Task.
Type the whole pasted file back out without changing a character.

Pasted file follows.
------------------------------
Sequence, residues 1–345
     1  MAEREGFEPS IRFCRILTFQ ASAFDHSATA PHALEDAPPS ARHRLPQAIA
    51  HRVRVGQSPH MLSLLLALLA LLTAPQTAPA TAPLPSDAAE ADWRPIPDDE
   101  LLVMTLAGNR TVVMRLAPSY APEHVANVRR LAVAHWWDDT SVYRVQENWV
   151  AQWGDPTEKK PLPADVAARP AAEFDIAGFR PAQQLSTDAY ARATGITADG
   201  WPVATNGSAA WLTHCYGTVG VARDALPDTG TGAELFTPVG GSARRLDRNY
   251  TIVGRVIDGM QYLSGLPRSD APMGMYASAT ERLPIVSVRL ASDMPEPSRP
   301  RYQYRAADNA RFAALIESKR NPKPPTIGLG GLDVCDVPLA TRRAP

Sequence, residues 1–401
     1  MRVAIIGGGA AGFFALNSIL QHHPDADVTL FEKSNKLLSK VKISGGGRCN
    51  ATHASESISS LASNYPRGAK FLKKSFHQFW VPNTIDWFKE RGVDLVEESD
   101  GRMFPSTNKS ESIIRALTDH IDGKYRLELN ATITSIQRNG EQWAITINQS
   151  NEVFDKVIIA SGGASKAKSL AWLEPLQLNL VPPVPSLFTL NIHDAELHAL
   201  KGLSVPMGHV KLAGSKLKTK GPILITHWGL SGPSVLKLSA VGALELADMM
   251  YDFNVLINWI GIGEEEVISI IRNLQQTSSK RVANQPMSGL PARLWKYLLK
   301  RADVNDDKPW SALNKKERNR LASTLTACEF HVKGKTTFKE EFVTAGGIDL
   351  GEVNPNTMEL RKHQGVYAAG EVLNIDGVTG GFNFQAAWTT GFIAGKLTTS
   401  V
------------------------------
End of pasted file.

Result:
Sequence, residues 1–345
     1  MAEREGFEPS IRFCRILTFQ ASAFDHSATA PHALEDAPPS ARHRLPQAIA
    51  HRVRVGQSPH MLSLLLALLA LLTAPQTAPA TAPLPSDAAE ADWRPIPDDE
   101  LLVMTLAGNR TVVMRLAPSY APEHVANVRR LAVAHWWDDT SVYRVQENWV
   151  AQWGDPTEKK PLPADVAARP AAEFDIAGFR PAQQLSTDAY ARATGITADG
   201  WPVATNGSAA WLTHCYGTVG VARDALPDTG TGAELFTPVG GSARRLDRNY
   251  TIVGRVIDGM QYLSGLPRSD APMGMYASAT ERLPIVSVRL ASDMPEPSRP
   301  RYQYRAADNA RFAALIESKR NPKPPTIGLG GLDVCDVPLA TRRAP

Sequence, residues 1–401
     1  MRVAIIGGGA AGFFALNSIL QHHPDADVTL FEKSNKLLSK VKISGGGRCN
    51  ATHASESISS LASNYPRGAK FLKKSFHQFW VPNTIDWFKE RGVDLVEESD
   101  GRMFPSTNKS ESIIRALTDH IDGKYRLELN ATITSIQRNG EQWAITINQS
   151  NEVFDKVIIA SGGASKAKSL AWLEPLQLNL VPPVPSLFTL NIHDAELHAL
   201  KGLSVPMGHV KLAGSKLKTK GPILITHWGL SGPSVLKLSA VGALELADMM
   251  YDFNVLINWI GIGEEEVISI IRNLQQTSSK RVANQPMSGL PARLWKYLLK
   301  RADVNDDKPW SALNKKERNR LASTLTACEF HVKGKTTFKE EFVTAGGIDL
   351  GEVNPNTMEL RKHQGVYAAG EVLNIDGVTG GFNFQAAWTT GFIAGKLTTS
   401  V